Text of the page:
symbolic linkfrom the system’s copy of the service file (usually in
/etc/systemd/system) into the location on disk where
systemdlooks for autostart files (usually
To disable the service from starting automatically, you can type:
sudo systemctl disable application.service
This will remove the symbolic link that indicated that the service should be started automatically.
Check whether process is running on specific port
# 1st - install net-tools package sudo apt-get install net-tools sudo netstat --tulpen | grep 2181 # 2nd - if we do not have permission, we can check from other computer telnet target_ip_addr port
# 1st way - shutdown immediately system sudo power off # 2nd way shutdown -h now # 3rd way - shutdown that asks for a password sudo poweroff # 4th way - shutdown after n minutes shutdown -h <time_in_minutes> shutdown +<time_in_minutes> # Cancel shutdown shutdown -c # shutdown at the specific time # Ex: shutdown -h 20:3 shutdown -h HH:MM
Search for patterns in each file
grep "something" file
With some options:
-i: search for a string case-insensitively in the given file.
-c: find the number of lines that matches the given string/pattern with the -c (count) flag.
-v: invert match - find all lines that do not match.
-r: recursive - search all the files in a directory.
-l: only show the file names of the files that matched.
-f: do not treat the match string as a regex.
-o: only print the matching part of the line (not the whole line).
-a: search binaries - treat binary data like it’s text instead of ignoring it.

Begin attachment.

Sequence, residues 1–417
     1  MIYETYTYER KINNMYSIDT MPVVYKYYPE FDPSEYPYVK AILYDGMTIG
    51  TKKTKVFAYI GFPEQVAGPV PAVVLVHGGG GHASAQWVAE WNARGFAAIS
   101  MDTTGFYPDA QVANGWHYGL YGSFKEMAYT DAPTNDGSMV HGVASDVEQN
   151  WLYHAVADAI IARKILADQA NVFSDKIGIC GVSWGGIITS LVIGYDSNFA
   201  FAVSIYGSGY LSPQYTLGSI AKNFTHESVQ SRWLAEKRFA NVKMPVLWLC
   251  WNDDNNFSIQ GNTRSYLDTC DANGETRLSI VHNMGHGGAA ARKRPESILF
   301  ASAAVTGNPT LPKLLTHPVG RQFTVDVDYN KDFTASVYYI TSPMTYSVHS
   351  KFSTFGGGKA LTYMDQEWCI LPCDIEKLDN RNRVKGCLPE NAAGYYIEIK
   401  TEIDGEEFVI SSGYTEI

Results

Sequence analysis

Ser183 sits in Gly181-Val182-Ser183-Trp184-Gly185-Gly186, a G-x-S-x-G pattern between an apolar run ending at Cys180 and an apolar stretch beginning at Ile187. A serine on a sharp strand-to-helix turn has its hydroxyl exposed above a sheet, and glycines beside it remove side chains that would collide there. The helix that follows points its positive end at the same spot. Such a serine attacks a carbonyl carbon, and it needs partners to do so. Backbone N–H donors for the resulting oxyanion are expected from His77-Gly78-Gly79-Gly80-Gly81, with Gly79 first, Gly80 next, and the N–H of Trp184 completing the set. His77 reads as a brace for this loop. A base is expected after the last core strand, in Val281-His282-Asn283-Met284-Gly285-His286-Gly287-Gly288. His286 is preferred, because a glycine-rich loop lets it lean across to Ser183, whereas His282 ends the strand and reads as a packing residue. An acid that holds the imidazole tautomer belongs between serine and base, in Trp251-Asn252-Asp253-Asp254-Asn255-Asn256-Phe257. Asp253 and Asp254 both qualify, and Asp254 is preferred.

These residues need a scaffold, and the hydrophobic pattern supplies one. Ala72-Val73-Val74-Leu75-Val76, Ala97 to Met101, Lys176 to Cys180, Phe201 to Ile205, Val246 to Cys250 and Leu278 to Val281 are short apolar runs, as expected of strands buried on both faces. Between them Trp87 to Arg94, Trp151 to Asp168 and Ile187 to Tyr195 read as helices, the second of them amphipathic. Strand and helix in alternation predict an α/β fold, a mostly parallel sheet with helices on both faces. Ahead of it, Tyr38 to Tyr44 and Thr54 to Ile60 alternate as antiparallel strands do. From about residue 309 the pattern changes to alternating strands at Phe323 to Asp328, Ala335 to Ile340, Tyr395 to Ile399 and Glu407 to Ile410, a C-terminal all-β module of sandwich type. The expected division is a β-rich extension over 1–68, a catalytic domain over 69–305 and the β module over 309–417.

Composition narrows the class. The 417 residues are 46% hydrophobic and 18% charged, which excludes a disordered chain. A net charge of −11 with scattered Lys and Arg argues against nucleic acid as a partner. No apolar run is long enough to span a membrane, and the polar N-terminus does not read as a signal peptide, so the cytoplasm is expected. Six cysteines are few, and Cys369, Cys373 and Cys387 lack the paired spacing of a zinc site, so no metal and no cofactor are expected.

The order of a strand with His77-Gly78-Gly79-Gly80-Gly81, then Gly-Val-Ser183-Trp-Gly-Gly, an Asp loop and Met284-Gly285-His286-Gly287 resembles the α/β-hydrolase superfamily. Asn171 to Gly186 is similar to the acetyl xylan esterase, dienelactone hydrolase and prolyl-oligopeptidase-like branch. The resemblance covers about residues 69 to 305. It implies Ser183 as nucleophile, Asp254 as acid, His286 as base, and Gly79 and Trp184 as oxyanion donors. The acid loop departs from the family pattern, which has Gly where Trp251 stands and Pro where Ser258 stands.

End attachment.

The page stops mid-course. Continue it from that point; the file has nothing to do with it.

It is used to take the output of one command and redirect it into the input of another command.
Output to other commands
cat /var/log/syslog | grep apache2
The above code mean that
catcommand is used to print the contents of the system log stored at
/var/log/syslog. Using the pipe symbol
|, we’re redirecting the output of that command and feeding it into
grep, which is looking for the string
When used together, we’re able to fetch lines from the system log that reference
apache2. This is useful if we’re troubleshouting some sort of issue with the
apacheservice, and we’d like to look at the log file but ignore any lines that aren’t relevant to our investigation.
Output to text file
echo "Hello, world!" >> ~/test-file.txt
echo command normally outputs to the Terminal, but instead telling it to direct its output to a file named
test-file.txt, stored in our home directory.
>>that is used in the above command means that it will continue to append this string to the file.
>is used in the above command, it will actually wipe out the content of
Output errors into Standard Error file descriptor
Normally, we’re working with a File Descriptor called Standard Output - stdout with commands that produce output. File descriptors are numbers that refer to open files, and these numbers are integers.